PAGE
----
Mechanistic modeling of restructuring behavior of colloidal aggregates in shear flows

Colloidal aggregates appear after destabilizing a suspension. Due to the cohesive contact between particles, the characteristic open structure can be maintained. Stirring processes change the structure and the size of aggregates. The modeling and the quantitative estimation of this phenomena are important for the control of many industrial processes. The hydrodynamic stress acting on colloidal aggregates in a shear flow is relatively small. This is why the range of the investigation is limited to very large aggregates in experiments. However, for weakly bonded aggregates, the hydrodynamic stress may cause smaller aggregates due to breakage or restructuring. We aim to provide some quantitative evaluation for the restructuring behavior of small aggregates under shear flow.

The first task in this project concerns the hydrodynamic interaction. For a colloidal-particle system, the Reynolds number is remarkably small so that the relaxation or response time of the fluid is considered very short. In this regime, called Stokes regime, the effect of viscosity is more dominant than the inertia of fluid. If a spherical particle is isolated, the drag force is well known as Stokes' law. However, this formula cannot be applied to a many-particle system due to the disturbance of the fluid by particles. This is one of the long-term topics for scientists in fluid dynamics since the beginning of 20th century. Our project will handle this part with the finite element method (FEM, in collaboration with a research group at RWTH Aachen) and Stokesian dynamics, or some other approximation that is more realistic than the free-draining approximation. The drag forces for each particle in an aggregate is visualized in Figure 1 (left: Finite element method, Right: Stokesian dynamics).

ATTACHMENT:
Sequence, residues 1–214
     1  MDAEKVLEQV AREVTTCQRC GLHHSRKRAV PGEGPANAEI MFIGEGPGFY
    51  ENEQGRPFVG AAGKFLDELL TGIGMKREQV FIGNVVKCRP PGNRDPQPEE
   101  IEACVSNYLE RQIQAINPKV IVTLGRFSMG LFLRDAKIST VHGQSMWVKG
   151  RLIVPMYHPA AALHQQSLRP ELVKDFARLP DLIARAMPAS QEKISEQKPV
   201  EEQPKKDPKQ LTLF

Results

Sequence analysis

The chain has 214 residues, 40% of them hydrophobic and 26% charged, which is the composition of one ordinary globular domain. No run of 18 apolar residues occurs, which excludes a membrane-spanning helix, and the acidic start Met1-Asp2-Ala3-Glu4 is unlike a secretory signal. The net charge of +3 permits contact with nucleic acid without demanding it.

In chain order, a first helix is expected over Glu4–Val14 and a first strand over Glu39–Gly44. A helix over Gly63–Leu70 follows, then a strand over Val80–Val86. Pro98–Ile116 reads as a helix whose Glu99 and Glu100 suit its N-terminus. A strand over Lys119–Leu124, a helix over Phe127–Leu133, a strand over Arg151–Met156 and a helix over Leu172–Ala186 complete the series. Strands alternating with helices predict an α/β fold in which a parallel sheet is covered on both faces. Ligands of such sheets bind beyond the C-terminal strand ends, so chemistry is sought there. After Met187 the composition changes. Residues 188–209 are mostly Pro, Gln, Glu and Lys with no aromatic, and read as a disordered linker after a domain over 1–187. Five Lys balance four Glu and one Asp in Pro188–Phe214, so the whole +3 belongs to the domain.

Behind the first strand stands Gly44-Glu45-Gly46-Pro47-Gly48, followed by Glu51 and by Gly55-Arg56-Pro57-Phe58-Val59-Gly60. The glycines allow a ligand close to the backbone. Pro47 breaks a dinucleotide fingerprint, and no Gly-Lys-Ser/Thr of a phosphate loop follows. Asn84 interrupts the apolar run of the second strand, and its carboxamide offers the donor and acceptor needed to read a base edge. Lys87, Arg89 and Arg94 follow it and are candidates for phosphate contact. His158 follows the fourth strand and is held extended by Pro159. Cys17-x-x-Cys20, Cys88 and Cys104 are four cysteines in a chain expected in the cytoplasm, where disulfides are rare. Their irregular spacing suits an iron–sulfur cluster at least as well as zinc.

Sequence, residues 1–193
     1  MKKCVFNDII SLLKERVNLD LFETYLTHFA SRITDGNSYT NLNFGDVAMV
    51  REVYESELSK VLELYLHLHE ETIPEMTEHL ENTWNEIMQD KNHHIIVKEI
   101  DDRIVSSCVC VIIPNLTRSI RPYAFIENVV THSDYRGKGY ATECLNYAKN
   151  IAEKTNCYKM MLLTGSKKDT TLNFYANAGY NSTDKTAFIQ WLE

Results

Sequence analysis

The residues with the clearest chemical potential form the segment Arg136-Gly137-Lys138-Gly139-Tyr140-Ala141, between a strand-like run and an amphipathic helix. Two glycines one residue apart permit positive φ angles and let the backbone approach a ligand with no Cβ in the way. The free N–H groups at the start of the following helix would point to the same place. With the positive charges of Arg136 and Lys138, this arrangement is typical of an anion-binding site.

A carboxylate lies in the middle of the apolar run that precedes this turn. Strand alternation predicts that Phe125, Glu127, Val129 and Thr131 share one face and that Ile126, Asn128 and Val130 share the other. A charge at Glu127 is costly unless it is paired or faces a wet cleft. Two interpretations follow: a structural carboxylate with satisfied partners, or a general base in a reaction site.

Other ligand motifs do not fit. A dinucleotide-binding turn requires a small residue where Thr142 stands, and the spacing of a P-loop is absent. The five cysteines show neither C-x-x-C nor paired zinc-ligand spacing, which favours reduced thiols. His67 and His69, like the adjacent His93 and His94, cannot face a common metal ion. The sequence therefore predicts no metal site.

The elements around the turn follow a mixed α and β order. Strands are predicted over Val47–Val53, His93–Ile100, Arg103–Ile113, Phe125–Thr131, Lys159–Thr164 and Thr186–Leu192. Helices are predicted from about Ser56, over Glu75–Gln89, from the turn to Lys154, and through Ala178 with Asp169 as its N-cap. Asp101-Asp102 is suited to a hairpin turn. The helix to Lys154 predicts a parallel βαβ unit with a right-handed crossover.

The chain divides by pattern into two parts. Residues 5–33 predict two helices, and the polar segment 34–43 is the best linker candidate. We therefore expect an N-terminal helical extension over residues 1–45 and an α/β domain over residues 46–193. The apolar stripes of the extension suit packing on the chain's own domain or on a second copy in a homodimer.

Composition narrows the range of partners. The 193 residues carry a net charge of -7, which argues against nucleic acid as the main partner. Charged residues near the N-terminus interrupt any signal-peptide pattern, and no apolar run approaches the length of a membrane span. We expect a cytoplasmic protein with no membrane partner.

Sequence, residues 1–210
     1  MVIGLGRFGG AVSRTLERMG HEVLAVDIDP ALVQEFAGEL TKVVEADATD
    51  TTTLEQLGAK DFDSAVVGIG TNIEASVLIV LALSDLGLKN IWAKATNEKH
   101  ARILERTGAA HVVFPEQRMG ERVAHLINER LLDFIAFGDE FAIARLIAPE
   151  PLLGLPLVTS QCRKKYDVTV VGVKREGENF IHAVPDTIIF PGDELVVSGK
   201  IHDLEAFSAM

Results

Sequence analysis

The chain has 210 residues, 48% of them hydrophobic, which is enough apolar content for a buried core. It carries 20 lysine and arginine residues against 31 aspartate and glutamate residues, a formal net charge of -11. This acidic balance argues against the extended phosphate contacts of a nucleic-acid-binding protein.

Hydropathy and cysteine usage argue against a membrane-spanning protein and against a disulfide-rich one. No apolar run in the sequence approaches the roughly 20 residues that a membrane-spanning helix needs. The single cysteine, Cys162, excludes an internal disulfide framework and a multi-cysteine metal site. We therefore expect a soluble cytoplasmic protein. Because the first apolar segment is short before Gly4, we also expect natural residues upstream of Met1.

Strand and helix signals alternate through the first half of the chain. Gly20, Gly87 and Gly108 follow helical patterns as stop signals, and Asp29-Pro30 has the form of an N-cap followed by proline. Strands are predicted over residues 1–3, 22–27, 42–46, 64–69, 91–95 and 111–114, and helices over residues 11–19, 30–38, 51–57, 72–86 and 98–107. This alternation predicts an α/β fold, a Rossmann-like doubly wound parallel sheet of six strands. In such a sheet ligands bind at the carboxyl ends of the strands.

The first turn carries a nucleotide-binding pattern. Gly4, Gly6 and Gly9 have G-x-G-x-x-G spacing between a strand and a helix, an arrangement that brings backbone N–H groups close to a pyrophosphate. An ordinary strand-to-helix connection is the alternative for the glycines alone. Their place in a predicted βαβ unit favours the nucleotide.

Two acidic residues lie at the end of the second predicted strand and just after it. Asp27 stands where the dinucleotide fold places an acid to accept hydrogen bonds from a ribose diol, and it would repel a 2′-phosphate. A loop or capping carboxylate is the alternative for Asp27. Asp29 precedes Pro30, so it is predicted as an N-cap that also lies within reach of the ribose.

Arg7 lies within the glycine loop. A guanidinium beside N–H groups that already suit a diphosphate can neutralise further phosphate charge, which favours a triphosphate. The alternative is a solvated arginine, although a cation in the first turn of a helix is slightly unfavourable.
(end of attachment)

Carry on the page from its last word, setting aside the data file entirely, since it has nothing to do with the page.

Further, the modeling of the cohesive contact between colloidal particles needs to be considered. The interaction between colloidal particles provide a huge literature database, yet in most studies, only interaction between separating particles were investigated, as the stabilisation of colloidal suspensions is crucial to understand in this regard. The concept of double layer potential was remarkable progress to estimate the stability behavior of a suspension. On the other hand, there is not much theoretical and experimental work in the estimation of the cohesive contact, which causes the open structure of colloidal aggregates under thermal agitation or hydrodynamic stresses. Some estimation of particle pull off force comes from the JKR and DMT model, assuming elastic deformation at the contact point. However, the resistance forces for tangential and rolling displacement are required to explain the stability of the observed aggregate structure. Some direct observations of bending resistance have recently been reported by several experimentalist. We have investigated the modeling for the contact bonding between colloidal particles.



[1] V. Becker and H. Briesen. Tangential-force model for interactions between bonded colloidal particles. Phys. Rev. E, 78:061404, 2008.

[2] V. Becker and H. Briesen. A master curve for the onset of shear induced restructuring of fractal colloidal aggregates. J. Colloid Interface Sci., 346:32–36, 2010.

[3] V. Becker, E. Schlauch, M. Behr, and H. Briesen. Restructuring of colloidal aggregates in shear flows and limitations of the free-draining approximation. J. Colloid Interface Sci., 339:362, 2009.

For more information please contact: Research funded by:

Vincent Bürger, M. Sc.
Lehrstuhl für Systemverfahrenstechnik
Gregor-Mendel-Straße 4
85354 Freising
Tel: 08161/71-5172
Fax: 08161/71-4510

SPP 1273 Kolloidverfahrenstechnik